9. Stop assuming that if we're religious, then we homebirth because of religious reasons. 

10. I didn't go through all of the research and consideration and weighing of all of the information just to be a "rebel", or to be a hero. This was a very personal decision, one based on my experiences with childbirth. Stop thinking that it is your public duty to make us aware of the option of hospital birth. 

11. Please stop questioning my ability to give birth outside of a hospital, without drugs, without intervention. Once again, women have been giving birth since the beginning of time. Will it hurt without drugs? Sure. But to me, avoiding those is very important. Laboring in the hospital with drugs readily available is hard to resist, and I have committed to doing this not only for my baby, but for me. So I'm going to give myself the best shot possible at doing so. 

12. If we're birthing unassisted (sans Midwife) and you ask me how we'll know what we're doing, I will happily give you the equivalent of a 5-page rundown on how hormones work in labor, as well as the history of childbirth. If I didn't feel confident in birthing with just my partner, we'd hire a Midwife. 

13. Stop asking me if my baby will drown when I give birth in the water. Please take 2.5 seconds to think about what environment the baby lives in during his stay in my uterus, and if you don't have anything nice to say, don't say anything at all. 

14. Stop assuming that if I give birth at home, I'm going to eat my placenta. I might, but you shouldn't assume it. I'm more likely to encapsulate it, or plant it under a bush or tree. 

15. Stop asking, "But what about the birth certificate?" I'll say it again. Babies are born at home every day, all over the world. A good chunk are intentional, some are not. It's not going to be impossible to get a birth certificate or social security card, just because we birthed at home. 

16. Quit assuming that I am a hippy freak because I choose to birth at home.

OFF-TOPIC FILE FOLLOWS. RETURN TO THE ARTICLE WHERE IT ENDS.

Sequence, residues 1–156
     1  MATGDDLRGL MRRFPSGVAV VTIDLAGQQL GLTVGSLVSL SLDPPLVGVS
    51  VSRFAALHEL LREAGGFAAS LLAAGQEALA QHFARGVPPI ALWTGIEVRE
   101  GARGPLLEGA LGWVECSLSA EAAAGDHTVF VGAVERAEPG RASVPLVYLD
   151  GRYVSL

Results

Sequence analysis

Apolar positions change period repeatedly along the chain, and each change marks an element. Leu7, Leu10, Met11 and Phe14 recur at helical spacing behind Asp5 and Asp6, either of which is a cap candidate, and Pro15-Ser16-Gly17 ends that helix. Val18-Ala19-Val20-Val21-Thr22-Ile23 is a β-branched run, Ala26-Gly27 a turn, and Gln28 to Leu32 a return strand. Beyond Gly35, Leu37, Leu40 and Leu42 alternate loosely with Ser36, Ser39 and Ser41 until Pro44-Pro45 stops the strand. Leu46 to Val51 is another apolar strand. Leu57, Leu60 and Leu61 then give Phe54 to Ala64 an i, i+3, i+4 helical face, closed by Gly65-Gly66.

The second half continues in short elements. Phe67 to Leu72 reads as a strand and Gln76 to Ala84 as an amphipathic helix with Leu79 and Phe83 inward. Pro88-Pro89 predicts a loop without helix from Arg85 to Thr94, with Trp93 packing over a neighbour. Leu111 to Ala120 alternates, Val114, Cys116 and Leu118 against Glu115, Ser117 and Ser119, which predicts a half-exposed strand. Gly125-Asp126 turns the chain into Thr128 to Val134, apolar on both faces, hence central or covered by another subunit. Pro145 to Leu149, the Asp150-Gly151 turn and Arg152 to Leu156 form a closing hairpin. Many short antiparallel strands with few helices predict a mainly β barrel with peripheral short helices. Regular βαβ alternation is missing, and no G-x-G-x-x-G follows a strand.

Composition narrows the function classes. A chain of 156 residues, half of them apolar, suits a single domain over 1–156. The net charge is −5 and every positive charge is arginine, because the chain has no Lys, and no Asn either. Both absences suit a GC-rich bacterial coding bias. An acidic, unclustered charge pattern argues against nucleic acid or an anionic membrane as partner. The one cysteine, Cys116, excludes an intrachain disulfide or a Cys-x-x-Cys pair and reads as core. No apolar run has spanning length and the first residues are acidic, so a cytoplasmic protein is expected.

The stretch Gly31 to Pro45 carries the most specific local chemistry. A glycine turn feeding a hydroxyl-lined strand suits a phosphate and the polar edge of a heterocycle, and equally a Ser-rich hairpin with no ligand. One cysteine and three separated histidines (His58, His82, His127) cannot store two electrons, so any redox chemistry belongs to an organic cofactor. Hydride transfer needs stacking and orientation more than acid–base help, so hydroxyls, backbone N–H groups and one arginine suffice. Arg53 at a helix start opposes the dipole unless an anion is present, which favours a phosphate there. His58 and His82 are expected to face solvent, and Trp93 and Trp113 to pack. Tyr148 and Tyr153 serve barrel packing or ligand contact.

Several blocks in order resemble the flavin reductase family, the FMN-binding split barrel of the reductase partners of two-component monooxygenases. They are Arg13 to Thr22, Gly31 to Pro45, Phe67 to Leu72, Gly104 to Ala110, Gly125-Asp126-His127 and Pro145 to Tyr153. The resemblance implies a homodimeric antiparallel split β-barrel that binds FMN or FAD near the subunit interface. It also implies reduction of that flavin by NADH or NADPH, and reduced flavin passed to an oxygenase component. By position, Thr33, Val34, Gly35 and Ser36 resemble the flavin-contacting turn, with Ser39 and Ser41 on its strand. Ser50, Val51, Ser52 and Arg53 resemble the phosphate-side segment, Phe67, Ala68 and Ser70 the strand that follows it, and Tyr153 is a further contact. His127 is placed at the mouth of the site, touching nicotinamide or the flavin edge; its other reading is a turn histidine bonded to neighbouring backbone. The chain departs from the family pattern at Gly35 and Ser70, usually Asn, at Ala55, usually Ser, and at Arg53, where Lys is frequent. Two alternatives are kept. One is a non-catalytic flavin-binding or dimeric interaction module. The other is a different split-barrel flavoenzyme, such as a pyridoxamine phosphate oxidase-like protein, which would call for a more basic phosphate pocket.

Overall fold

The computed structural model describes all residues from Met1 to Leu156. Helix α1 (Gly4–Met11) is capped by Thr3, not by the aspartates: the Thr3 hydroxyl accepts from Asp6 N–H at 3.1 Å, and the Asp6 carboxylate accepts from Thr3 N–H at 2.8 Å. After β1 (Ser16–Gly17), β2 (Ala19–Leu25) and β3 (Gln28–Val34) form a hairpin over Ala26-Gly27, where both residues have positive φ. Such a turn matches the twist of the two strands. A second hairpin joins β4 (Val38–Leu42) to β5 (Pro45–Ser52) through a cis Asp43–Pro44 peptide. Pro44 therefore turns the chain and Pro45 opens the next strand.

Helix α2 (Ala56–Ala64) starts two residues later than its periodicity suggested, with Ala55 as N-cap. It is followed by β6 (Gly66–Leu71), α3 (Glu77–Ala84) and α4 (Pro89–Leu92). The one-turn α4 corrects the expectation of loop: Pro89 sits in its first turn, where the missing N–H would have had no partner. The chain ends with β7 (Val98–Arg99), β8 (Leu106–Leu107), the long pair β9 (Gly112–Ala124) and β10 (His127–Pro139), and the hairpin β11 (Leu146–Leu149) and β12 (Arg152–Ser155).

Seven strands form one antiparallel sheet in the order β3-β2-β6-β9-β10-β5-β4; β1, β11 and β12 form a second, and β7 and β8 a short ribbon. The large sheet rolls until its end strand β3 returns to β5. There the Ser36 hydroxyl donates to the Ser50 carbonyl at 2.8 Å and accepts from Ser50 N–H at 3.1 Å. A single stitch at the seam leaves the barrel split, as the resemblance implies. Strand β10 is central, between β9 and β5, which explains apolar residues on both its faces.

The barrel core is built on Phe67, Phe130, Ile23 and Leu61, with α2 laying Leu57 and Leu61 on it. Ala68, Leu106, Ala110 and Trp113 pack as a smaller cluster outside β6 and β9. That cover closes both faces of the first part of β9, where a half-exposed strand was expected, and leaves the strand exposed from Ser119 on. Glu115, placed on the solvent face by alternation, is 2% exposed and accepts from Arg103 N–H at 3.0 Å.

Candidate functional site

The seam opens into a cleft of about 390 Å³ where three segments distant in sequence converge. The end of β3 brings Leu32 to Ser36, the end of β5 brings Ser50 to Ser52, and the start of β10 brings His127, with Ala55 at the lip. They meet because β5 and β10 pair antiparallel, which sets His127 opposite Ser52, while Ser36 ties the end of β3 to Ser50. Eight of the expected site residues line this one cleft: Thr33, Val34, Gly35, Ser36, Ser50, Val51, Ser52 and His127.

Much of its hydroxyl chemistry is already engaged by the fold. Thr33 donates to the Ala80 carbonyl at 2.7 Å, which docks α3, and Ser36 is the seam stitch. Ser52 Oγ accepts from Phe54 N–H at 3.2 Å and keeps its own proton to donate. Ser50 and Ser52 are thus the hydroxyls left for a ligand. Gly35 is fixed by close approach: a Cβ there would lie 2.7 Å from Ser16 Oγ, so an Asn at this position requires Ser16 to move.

17. Quit assuming that I am more concerned with the experience, than I am about safety. 

18. Quit assuming that because I am concerned about what kind of experience I will have, that I'm not concerned about safety. A woman will remember the way she was made to feel at birth, for the rest of her life. Is it really such a wild idea that a woman cares to give birth in the most peaceful environment possible?

19. Quit assuming that my Midwife has only read books about childbirth, but has no actual training; only carries a biting stick and a bundle of sage to births; and wears Berkenstocks. 

20. Stop talking about all of the "luxuries" I'll miss by being in the hospital to give birth. I'll be in my own home, sans strangers walking in and out of my room, eating and drinking throughout labor, and then snuggled into my own bed with my baby and not being bothered in the middle of the night. You'll have strangers coming in and out of your room, an IV and ice chips as your only sustenance, transferred to a terribly uncomfortable postpartum bed, and you'll be woken up every few hours to have you and baby checked on. 

21. Quit asking me, "Your doctor let you do that?". First of all, where I birth is not my doctor's decision and I did not ask him/her for permission. Second of all, I feel sorry for you if you ask this question. Because it means that you probably have authority-figure beliefs about doctors, and would base your decisions on what he/she says. 


Now, I am happy to give information to those who are genuinely interested in learning more about homebirth. But, let's face it. Most people who come up with these comments or questions do so because they simply cannot believe that we'd actually plan to birth at home. A good chunk just want to argue, or call us stupid without actually calling us stupid. 

Saturday, March 23, 2013

ACOG Smartens Up While DONA Throws Baby Boys To The Wolves...

I know. Has the world gone mad?! You read the post title right. I woke up this morning to find a published position from ACOG that discourages elective inductions and cesareans overall, and especially discourages either for macrosomia (big baby). Whaa??

Here are a few highlighted quotes from ACOG's statement:

“Let nature take its course.” Over the years, I’ve found this saying particularly applies to the process of giving birth. My personal experience as an ob-gyn and reams of scientific research demonstrate that Mother Nature knows best when a child is ready to be born."  - James Breeden, President of ACOG